Toyota Developing Fake Manuals For EVs, Patents Reveal

Toyota Developing Fake Manuals For EVs, Patents Reveal

Manual transmissions were already on life support before electric cars made it big, but it looked like the mass switch to EV power was definitely going to be the final nail in the coffin.

Toyota, however, has other ideas. While it’s firmly embracing an electric future with cars like the bZ4X, the company has filed eight patents in the U.S. suggesting it will offer future electric vehicles with fake manual transmissions.

The patents, first seen in BZ Forums, but filed in summer 2021, cover several technologies, including a simulated clutch pedal, simulated gearshift, and a method of interrupting torque flow to mimic the experience of driving a traditional manual-equipped combustion-engined car.

Here’s an extract from one of the patents:

“The electrical vehicle includes a shift lever and a clutch pedal for pseudo-realizing the manual gear change of the MT vehicle…The shift lever is operated by the driver to select an arbitrary virtual gear stage mode from among plurality of virtual gear stage modes…The controller calculates the virtual engine speed of the virtual engine…and displays the virtual engine speed on the display.”

Related: QOTD: What’s The Best Manual Transmission You’ve Shifted?

Image from Patent 2022/0041062

The patents suggest Toyotas fitted with the system will offer three different modes. One requires the driver to use both the clutch and the gearshift, while the second removes the need to use the clutch, which Toyota suggests might be useful when parking, reversing, or when stuck in traffic. And in the the third mode, neither the clutch or shifter are used by the driver.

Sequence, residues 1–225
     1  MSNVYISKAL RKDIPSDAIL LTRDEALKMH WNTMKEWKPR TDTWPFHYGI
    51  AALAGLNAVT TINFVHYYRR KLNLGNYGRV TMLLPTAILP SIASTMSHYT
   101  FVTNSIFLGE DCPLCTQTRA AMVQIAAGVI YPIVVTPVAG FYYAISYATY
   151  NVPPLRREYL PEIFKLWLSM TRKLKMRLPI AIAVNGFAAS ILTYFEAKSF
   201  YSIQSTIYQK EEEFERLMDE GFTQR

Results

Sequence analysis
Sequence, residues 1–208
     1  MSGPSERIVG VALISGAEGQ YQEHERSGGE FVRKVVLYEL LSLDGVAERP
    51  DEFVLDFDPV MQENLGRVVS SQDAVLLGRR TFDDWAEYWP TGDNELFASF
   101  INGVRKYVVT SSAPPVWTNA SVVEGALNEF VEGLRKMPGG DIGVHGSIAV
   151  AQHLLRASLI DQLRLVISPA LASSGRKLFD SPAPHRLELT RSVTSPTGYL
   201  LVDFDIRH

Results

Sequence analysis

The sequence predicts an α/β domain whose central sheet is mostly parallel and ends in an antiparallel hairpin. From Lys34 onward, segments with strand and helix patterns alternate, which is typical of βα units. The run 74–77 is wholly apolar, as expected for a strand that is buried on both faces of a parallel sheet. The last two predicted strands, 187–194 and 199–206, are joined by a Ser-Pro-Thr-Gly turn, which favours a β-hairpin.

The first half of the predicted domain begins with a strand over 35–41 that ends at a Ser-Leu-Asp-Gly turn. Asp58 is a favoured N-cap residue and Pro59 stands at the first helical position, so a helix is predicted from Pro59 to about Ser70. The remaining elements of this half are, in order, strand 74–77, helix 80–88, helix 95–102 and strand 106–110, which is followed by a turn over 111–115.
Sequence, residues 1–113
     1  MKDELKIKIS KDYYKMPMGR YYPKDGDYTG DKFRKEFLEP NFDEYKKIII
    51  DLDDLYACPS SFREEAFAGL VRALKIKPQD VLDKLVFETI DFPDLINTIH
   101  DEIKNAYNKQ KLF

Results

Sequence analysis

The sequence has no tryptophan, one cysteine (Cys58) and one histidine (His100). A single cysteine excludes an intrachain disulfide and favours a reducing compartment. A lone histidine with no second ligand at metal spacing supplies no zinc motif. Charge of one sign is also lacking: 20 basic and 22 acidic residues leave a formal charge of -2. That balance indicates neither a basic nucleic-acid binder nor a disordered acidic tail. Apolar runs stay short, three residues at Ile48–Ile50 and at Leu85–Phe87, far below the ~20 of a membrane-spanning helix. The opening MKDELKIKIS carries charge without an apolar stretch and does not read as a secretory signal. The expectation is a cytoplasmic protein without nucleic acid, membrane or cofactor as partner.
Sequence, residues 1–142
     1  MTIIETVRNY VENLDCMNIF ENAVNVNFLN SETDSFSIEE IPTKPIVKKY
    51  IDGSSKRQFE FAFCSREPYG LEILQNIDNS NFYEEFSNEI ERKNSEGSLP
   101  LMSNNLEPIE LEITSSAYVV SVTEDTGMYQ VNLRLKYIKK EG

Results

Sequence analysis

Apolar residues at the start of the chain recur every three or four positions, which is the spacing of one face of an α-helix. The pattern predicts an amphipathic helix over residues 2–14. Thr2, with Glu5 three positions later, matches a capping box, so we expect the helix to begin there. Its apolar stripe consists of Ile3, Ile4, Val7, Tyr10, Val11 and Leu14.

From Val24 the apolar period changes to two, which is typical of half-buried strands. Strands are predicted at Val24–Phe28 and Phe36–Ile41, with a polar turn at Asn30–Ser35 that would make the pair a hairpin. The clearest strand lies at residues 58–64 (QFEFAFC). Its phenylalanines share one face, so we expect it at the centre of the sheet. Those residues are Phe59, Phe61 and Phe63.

But the patent seems to suggest that in the third mode those functions will be handled automatically, so the car will behave like combustion car with an automatic ‘box, rather than performing like a conventional fixed-ratio EV. That could mean the system will be reserved for driver-focused performance cars, like a future Supra. And as the image above shows, you’ll even get a fake rev counter graduated to look like an ICE cars. Only 7600 rpm though? We’d shoot for 12k!

If this is all sounding slightly familiar, you’re probably thinking of Toyota’s 2017 GR HV concept. Essentially an electrified targa-top GT86, the HV allowed the driver to unlock a conventional H-pattern gate by pressing a button hidden under the gearknob’s cover. That was just a show car, but it’s clear now that Toyota was giving us a big hint that it was genuinely serious about saving the manuals.

Obviously at this stage we have no idea whether the technology will be any good at actually replicating the feel, or just the enjoyment, of a car with a manual transmission. But we’re all for it, particularly if you’re able to switch between manual and “automatic” modes.

Ares Design Panther’s “manual-look” shift quadrant

Modern Ferraris, like the Roma, SF90 and 296 GTB, and Ares Design’s Panther, all feature a stylised retro-look shift quadrant, but it’s pure window dressing in every case. You can’t actually shift between individual ratios, only move from Drive to Reverse. But it’s hard to imagine how the likes of Porsche and Ferrari, brands who style themselves as the most driver focused of all, could not adopt similar tech to keep enthusiasts happy when it’s available on a humble $30,000 Toyota.

Would you welcome the idea of a fake manual transmission on EVs or does it sound like a terrible idea? Leave a comment and let us know.

H/T to BZ Forums

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